Sunday, March 09, 2008

Captain Abu Raed

I've mentioned before that I don't watch many movies. Even less frequently do I watch movies in the theater. Until Friday night, the last time I saw a movie in the theater was when our family went together to see The Lion, the Witch, and the Wardrobe. But, Captain Abu Raed (pronounced Ra'ed), the much acclaimed first film by Jordanian producer and director, Amin Matalqa, was definitely a film worth seeing sooner rather than later.

I'm sure that much of the recognition that we, as a family, responded to in Matalqa's artistic endeavor has to do with the fact that we have have lived in Amman for many years; for Dear Husband and I, most of our adult lives, and for our children, their entire lives. Though the lives and struggles portrayed in the film were not ours, exactly, they were lives and struggles which belong to friends or other Jordanians we've lived among and observed--so I guess, in some second party way they have been our lives and struggles as well.

With few exceptions, Matalqa does a fine job of accurately portraying life in Amman, particularly the contrast between lower socio-economic East Amman and Western influenced upper socio-economic West Amman. No exaggerations here. The cinematography, though a bit dramatic in places, was wonderful, and we all enjoyed recognizing familiar places in the film (today when we went on our family run at the park, Younger Son and I marked the exact spot where Tareq had been selling biscuits/cookies).

Though I enjoyed seeing this movie in the theater, I have to admit it is the kind of movie, that when it is over, you wish you were instantly in the privacy of your own home, alone, or with others who had just seen the film. Once we had silently navigated the chaos that is City Mall on a Friday night and were secure in the privacy of our car we began a discussion of the themes of the movie: hope, sacrifice, redemption, which lasted until after we arrived at home. While the film had some sort of resolution and what one might call a happy ending, these were in no way complete.

It was the incompleteness of resolution, among other things that caused me to consider this a good film and a film worth watching. My kids rarely appreciate me applying my analytical judgment to the films they/we watch and my philosophical awareness was only heightened as I had, just last week, read Dorothy Sayer's excellent essay, Toward a Christian Esthetic, published in Letters to a Diminished Church, Passionate Arguments for the Relevance of Christian Doctrine. In this wonderful essay, which deserves several blogs posts of its own Sayers explains the marks of a true poet or artist:

"A poet is a man who not only suffers the impact of external events but also experiences them (You only experience a thing when you can express it--however haltingly--to your own mind--also Sayers) He puts the experience into words in his own mind, and in so doing recognizes the experience for what it is. To the extent that we can do that, we are all poets. A poet so-called is simply a man like ourselves with an exceptional power of revealing his experience by expressing it, so that not only he, but we ourselves, recognize that experience as our own."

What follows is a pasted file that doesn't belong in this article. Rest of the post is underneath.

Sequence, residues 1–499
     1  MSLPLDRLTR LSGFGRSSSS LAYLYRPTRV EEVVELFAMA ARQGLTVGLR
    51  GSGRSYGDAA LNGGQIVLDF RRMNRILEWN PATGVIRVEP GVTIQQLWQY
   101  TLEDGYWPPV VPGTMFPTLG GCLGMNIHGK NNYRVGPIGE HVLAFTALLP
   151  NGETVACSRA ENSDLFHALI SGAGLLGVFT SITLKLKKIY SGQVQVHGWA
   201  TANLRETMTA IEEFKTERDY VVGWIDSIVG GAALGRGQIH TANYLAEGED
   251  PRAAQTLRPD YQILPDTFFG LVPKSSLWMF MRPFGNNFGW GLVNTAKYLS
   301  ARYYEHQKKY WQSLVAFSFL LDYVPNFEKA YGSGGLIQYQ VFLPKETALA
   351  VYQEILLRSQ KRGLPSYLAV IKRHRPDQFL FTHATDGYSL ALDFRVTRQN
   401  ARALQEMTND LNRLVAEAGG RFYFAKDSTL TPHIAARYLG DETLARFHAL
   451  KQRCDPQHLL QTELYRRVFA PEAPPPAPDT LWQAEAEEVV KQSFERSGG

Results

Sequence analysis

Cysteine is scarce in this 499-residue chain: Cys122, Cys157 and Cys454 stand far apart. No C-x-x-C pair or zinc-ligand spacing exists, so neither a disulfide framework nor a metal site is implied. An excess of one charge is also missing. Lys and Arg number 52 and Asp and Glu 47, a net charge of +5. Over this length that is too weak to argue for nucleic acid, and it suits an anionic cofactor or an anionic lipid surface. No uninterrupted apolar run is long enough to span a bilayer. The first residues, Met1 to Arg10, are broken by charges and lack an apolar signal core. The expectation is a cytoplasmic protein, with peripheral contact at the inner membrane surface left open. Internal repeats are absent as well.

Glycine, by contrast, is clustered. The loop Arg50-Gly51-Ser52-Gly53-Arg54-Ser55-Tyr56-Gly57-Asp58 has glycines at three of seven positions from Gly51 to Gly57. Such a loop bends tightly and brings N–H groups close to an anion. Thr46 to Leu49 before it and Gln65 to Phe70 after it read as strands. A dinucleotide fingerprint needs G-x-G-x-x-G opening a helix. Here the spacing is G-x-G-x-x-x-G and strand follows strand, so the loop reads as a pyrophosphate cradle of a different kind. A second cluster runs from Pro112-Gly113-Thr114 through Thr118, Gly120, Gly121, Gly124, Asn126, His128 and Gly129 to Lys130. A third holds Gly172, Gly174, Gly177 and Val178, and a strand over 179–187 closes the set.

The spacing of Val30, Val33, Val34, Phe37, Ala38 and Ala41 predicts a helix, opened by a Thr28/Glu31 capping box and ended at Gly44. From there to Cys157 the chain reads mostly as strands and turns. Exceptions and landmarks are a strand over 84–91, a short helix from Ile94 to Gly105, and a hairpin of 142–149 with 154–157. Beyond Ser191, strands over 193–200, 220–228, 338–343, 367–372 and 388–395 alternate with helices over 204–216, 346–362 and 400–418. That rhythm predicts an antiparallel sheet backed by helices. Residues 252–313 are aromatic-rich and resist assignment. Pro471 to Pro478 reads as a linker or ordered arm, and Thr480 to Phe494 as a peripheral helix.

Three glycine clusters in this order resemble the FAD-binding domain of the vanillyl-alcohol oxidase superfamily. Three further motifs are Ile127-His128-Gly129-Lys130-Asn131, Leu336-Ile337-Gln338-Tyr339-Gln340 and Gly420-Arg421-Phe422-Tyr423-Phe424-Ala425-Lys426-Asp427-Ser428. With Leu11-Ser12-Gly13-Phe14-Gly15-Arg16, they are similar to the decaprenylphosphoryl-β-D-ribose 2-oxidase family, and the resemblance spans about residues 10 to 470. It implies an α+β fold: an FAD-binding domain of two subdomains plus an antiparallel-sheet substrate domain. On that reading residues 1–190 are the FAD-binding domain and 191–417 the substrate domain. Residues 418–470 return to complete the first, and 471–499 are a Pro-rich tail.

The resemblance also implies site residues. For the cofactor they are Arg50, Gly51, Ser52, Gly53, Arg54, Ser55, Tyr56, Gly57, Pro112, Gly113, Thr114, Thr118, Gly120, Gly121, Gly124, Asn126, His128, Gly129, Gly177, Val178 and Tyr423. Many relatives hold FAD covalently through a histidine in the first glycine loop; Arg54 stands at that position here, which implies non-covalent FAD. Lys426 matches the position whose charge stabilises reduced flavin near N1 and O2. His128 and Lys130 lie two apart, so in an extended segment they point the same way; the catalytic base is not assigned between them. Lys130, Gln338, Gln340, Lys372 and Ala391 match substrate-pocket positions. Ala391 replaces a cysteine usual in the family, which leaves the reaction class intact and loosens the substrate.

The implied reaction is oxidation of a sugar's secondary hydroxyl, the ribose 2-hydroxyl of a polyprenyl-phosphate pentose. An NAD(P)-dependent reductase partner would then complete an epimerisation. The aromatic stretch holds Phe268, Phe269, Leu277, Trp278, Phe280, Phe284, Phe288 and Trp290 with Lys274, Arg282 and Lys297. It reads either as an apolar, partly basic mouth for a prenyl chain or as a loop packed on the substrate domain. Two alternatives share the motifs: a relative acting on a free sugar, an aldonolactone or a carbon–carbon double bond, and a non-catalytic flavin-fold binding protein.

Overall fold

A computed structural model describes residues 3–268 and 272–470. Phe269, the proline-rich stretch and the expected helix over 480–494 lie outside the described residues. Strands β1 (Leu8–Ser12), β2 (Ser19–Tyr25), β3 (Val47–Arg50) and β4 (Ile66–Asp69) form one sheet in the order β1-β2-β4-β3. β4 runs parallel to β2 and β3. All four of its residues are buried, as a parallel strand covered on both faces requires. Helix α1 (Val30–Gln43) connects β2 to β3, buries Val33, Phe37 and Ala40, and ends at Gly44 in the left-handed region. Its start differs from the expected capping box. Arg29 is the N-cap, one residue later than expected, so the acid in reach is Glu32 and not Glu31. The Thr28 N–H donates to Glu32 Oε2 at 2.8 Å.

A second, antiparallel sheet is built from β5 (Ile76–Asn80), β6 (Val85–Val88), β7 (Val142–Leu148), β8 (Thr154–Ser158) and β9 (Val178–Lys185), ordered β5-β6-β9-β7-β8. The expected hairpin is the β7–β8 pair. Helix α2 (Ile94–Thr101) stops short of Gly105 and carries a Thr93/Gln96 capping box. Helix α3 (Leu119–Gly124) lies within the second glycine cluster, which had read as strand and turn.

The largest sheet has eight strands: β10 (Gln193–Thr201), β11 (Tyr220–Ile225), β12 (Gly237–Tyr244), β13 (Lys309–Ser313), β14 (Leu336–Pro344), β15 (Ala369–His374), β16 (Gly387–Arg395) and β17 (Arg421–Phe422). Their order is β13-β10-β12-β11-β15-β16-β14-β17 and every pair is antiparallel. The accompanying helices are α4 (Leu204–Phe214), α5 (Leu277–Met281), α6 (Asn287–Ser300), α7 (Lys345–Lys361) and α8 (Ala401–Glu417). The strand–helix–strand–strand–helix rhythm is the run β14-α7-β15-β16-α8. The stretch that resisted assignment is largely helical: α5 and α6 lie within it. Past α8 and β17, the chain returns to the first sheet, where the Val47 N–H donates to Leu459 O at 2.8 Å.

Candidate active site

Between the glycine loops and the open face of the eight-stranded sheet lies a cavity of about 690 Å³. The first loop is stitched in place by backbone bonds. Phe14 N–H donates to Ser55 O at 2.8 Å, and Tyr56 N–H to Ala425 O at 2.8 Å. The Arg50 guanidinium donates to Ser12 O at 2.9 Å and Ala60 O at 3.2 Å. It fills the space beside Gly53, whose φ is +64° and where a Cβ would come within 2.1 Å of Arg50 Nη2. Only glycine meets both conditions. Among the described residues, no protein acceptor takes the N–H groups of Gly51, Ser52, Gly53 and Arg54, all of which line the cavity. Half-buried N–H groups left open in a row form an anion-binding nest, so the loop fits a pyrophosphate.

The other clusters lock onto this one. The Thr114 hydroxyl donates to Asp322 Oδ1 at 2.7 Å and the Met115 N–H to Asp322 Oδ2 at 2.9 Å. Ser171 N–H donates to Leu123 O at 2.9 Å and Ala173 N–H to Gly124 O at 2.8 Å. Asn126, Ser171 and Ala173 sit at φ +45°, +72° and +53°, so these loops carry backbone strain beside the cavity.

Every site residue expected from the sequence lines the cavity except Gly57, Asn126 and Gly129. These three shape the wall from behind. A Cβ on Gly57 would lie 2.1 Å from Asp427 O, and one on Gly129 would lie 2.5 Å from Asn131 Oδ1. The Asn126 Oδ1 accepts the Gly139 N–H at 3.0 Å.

About the recognition of truth that we get from the artist's work she writes:

"I mean the recognition of truth that tells us something about ourselves that we had not been always saying, something that puts a new knowledge of ourselves withing our grasp. It is a new, startling, and perhaps shattering, and yet it comes to us with a sense of familiarity. We did not know it before, but the moment the poet/artist has shown it to us, we know that, somehow or other, we had always really known it."

Matalqa is a poet so-called and his film touches, in some ways, on this recognition of truth as Sayer's defines it. Captain Abu Raed is not a film which merely entertains, provoking the experience of emotion that usually accompanies experience without our having had the experience, nor is it a film of pseudoart, which "seeks to produce the behavior without the experience," but rather it is a film which provokes recognition and thought anew about Jordanian society and the challenges its citizens face.

As Captain Abu Raed recently won the World Cinema Audience Award at the recent prestigious Sundance Film Festival, I'm pretty sure it will be showing in theaters of some sort in the U.S. sometime in the near future.

7 comments:

Jenny said...

Sayer's book is on my summer reading list and I can't wait to get to it. We'll add the film as well

desert mom said...

I think you will like it, Jenny. Sayer's essay on esthetics was, alone, worth the price of the book. I will be referring to it again I'm sure--I already have plans to use some of her discussion of Plato (from the Republic) and Aristotle (from the Poetics) in my ancients class next fall. LOTS of good ideas to chew on. I'm still plodding through Meek's book, which I also began during the audition trip. I'm enjoying it as well but I think what I would really enjoy is a class discussion or conversation with Meek vs reading her book.

kinzi said...

Great post, dear friend!! I will forward the link to Amin and Nadine, the producer. :)

Jenny said...

Yes, I agree with you about having a conversation with Meek. Actually it was a talk she gave this past summer that helped me to understand her better. I also found her articles online to be of some help as well.

kinzi said...

Hey desertmom, the producer Nadine Toukan linked your post to the Captain Abu Raed FB group :)

Abla said...

GREAt post dear sister, I agree with you about the lifestyle the films addressed! visiting the eastren court and seeing that just hurt my heart as people in the other half live careless life and not satisfied with what they have! May God help us be thankful...

Amin Matalqa said...

Thank you. Your words are very kind.